From the back, I could see it all, young men surging and dropping back on the narrow trail, bristling with energy and enthusiasm, like a litter of puppies roiling in one mass. I sat on my saddle and turned my pedals and just kept them in sight. I’m too tired for that nonsense most days.
Dutifully, they attacked the climbs. At obstacles, they’d follow each other too closely and one dab would become five, all of them in line, one-by-one walking through rock gardens and over logs. I rolled up on each one moments later, picked my line, made some and missed others.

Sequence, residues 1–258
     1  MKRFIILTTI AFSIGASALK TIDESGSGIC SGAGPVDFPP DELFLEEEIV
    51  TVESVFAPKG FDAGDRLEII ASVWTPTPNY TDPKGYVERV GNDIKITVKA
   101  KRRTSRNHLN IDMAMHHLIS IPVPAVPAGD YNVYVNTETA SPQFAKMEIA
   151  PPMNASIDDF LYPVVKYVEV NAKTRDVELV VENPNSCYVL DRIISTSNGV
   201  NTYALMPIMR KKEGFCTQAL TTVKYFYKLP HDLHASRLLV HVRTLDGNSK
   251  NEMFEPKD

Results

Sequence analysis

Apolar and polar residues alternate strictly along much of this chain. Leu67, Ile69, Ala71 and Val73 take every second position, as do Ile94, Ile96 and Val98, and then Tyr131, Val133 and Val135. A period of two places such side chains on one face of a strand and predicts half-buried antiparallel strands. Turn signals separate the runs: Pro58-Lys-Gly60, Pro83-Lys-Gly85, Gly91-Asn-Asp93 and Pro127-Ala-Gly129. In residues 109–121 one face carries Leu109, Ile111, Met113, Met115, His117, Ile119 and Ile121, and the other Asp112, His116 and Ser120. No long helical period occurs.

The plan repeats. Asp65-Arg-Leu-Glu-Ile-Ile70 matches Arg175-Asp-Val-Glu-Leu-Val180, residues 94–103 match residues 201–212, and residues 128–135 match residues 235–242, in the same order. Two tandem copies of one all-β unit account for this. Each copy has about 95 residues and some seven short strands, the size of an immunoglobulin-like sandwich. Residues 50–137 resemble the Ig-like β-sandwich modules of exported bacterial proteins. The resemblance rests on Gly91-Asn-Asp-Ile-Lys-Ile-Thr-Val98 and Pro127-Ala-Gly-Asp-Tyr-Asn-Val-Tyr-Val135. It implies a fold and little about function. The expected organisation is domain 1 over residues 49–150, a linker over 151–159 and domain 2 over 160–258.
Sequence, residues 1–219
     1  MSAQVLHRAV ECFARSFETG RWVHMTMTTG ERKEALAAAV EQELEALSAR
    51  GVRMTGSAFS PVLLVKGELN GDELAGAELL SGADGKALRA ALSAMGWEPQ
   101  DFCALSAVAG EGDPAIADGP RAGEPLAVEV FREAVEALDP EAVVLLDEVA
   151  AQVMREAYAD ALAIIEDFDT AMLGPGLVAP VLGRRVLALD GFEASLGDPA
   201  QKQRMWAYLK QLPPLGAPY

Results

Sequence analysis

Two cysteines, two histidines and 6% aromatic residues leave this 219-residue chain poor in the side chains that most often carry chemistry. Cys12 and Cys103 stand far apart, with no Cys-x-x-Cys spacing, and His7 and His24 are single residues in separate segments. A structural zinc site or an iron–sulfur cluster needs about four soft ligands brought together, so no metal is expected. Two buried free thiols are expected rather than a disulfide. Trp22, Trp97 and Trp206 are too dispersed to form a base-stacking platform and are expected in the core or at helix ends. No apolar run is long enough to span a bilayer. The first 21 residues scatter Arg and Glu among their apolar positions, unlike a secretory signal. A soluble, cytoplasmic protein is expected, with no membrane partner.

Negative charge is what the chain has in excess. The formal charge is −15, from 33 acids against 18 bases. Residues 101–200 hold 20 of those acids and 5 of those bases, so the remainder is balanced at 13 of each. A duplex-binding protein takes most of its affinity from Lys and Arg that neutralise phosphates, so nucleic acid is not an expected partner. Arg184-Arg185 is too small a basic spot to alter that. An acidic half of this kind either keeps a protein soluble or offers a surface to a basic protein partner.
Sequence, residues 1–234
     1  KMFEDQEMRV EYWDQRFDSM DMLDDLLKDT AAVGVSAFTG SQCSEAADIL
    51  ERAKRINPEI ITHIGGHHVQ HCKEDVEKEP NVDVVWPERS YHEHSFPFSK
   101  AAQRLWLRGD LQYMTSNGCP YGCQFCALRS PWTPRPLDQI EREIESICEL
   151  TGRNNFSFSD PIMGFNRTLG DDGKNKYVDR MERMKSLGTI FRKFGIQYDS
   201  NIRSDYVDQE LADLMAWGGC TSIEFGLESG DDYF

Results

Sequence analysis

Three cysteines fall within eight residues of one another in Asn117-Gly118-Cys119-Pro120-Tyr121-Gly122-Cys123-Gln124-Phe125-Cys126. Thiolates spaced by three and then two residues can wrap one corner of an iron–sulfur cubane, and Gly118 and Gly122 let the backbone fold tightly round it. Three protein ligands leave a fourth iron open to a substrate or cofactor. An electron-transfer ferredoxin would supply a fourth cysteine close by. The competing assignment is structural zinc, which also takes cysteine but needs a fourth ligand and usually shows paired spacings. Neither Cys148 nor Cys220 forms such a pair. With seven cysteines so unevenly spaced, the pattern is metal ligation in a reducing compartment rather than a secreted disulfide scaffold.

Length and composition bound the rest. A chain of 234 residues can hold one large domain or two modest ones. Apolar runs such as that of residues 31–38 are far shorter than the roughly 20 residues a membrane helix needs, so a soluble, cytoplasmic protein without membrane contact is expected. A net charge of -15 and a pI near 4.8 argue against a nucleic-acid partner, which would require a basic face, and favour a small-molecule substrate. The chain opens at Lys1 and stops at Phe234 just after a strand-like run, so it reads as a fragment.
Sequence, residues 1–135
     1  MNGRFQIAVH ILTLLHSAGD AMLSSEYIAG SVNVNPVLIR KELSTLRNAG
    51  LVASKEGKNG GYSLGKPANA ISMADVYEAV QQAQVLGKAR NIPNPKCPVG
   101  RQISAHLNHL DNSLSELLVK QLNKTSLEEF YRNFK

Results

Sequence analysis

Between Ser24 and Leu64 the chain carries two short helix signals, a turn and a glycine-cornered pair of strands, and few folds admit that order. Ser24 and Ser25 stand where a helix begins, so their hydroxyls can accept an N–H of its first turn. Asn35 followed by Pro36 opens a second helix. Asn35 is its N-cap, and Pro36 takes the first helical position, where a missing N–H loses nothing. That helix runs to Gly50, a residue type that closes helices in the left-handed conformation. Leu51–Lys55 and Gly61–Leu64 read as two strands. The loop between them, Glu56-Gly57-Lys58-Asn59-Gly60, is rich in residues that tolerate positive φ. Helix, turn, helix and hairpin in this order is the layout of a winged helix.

The story is too neat though if I claim to be the wise older head doing everything the right way. That’s just not true. Somewhere in the back of my mind I was certainly interested in keeping up, wondering if they were thinking to go easy on me. My ego was present, if subdued. I did my part to keep the group moving together.
It struck me about an hour in that I’m not in the younger half of most groups anymore. At 46, I’m neither young nor old, but a certain kind of riding is mostly behind me now, by temperament if not ability. I’m a rambler now, not a thrasher. Most days anyway.
This week’s Group Ride asks, where are you in the pack? Younger? Older? Or do you eschew the pack altogether? I joke with my friends that the number of people I’m willing to ride with simultaneously drops by one every year and currently stands at two. Some days, though, I make exceptions.